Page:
Cecil is a master teacher in how to read Wodehouse. Above all, he demonstrates the extent to which you have to let yourself really go to read Wodehouse, and especially with Ukridge, who is a loud boisterous obstreperous sort of fellow, doncha know.
There were points in this book, perhaps even more than in others, where I found myself running to sit down before I fell over laughing. This audiobook is DANGEROUSLY funny.
Though an Indian narrator has been selected for this book, it is remarkable how little he knows how to pronounce Indian words. For instance, the final vowel sound in "Ballygunj" is rendered "oo" rather than the schwa sound it ought to be. Similarly, the vowel in Sena (as in the medieval eastern Indian Sena dynasty), is pronounced as "ee" rather than "ay" (as in "say" or "bay"). And there are innumerable other more or less egregious instances of a similar lack of linguistic familiarity with the world described (and the Bengali that lies behind the author's English). This could have been remedied, of course, by a bit of research. Or, better, a native Calcuttan Bengali might have been found, which would have been easy enough.
The listening experience is not wholly compromised, but it is remarkable how little thought seems to go into the choice of narrators of Indian English novels. The rating is for the audiobook as a book.
It is a pleasant surprise to find audible producing an audio edition of a work by Trotsky, especially a work such as this. This is Trotsky fresh from the front of the Civil War, writing just a few eventful years since the October Revolution (which is called the November revolution here for the usual reasons). While many will, no doubt, purchase the book for Slavoj Zizek's lengthy introduction, it is Trotsky's text that is the major work here. Sean Barrett does a fine job of reading the text and thus conjuring back to life the indomitable spirit of the Russian Revolution in its most ruthless and thus its most resolutely utopian moment. I can only say I hope for more works such as this from audible in the future.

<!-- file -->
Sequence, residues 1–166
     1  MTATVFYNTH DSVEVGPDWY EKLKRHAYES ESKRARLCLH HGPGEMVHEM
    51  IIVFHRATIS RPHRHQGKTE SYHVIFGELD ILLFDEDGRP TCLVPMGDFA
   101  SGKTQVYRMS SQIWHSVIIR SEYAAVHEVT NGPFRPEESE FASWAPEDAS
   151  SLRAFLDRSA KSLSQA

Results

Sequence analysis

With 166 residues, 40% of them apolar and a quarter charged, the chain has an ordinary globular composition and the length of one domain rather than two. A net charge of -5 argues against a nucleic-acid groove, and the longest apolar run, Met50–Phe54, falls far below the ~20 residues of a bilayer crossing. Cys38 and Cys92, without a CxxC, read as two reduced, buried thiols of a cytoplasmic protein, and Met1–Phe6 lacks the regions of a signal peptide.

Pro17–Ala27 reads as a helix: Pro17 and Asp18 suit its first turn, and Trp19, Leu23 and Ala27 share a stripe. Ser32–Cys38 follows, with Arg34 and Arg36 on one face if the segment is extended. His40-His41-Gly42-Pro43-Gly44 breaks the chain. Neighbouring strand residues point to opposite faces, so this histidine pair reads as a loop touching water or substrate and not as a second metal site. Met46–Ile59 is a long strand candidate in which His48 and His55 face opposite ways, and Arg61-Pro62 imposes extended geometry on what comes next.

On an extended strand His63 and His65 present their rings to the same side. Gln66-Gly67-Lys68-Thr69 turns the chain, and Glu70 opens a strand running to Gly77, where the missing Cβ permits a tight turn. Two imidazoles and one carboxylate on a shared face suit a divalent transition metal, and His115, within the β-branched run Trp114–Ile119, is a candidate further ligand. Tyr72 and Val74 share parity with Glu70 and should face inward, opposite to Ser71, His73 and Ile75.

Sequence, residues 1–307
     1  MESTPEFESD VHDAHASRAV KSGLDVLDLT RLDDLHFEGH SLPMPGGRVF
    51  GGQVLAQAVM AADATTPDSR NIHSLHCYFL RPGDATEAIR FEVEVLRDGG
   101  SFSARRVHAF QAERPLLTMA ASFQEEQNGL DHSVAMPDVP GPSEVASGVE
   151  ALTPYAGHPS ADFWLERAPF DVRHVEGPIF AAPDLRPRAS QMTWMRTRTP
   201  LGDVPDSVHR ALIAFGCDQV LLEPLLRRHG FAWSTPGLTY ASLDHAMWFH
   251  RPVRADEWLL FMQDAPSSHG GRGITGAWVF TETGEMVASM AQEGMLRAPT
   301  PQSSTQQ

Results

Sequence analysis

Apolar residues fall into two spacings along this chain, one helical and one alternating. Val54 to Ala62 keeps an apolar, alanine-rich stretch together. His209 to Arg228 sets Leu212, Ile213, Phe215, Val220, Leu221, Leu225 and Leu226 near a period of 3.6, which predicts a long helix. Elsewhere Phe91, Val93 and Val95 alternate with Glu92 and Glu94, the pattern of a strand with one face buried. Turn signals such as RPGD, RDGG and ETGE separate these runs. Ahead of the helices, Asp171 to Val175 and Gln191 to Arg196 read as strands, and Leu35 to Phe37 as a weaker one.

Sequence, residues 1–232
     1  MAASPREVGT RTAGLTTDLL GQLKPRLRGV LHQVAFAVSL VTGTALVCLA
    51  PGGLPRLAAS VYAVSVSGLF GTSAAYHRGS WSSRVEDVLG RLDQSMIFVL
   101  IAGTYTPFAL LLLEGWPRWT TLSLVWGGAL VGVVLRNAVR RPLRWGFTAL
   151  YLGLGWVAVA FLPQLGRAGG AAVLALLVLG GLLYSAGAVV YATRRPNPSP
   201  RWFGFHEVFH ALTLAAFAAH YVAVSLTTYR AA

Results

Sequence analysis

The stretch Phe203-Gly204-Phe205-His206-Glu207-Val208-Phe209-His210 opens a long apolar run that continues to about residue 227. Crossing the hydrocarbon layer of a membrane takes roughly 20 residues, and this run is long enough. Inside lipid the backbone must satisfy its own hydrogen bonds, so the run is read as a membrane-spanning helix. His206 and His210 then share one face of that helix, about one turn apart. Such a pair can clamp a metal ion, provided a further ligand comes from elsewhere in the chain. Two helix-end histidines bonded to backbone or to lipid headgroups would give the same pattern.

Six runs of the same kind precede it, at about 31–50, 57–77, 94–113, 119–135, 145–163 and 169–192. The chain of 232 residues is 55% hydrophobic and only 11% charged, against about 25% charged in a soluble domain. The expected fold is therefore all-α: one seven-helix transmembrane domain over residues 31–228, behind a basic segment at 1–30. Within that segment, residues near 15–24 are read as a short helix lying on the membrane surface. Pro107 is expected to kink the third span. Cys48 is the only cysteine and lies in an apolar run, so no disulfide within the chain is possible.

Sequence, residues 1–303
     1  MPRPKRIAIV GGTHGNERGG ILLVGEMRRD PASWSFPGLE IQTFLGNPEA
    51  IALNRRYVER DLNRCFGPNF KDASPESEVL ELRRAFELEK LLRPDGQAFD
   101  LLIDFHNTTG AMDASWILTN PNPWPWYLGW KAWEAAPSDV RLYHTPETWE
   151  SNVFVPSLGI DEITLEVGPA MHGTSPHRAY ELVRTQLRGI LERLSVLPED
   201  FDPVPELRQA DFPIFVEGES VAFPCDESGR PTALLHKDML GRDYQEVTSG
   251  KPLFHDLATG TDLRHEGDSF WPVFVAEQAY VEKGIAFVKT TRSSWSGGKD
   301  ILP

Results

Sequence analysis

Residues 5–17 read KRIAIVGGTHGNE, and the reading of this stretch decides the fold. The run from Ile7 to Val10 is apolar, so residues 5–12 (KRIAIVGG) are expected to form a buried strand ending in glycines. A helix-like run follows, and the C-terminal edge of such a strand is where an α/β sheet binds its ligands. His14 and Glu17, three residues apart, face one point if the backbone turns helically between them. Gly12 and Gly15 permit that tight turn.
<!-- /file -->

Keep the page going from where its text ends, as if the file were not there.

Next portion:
If what you are looking for is a serious intellectual history of early christian thought, this may not be the book for you, as Wilken regularly brings in the whole of Christian thinking, from whatever source, to make his arguments.Thus, at places he refers to Cardinal Newman, Jonathan Edwards, John Donne, Thomas Aquinas, and others who properly well beyond the historical scope of the book. This is because the work is no less a work of a devout Christian than a practicing historian. In consequence the task, method, and scope of the latter is not infrequently allowed to give way before the predilections and concerns of the former. The result is not so much a historical investigation of early Christian thought, as its vindication. In consequence, much of this history is discretely passed over as failing to rise to Wilken's own conception of what is best or most appealing in the writings and controversies of early christian thinkers. Those who have read The Christians as the Romans Saw Them may well be disappointed. I know I was.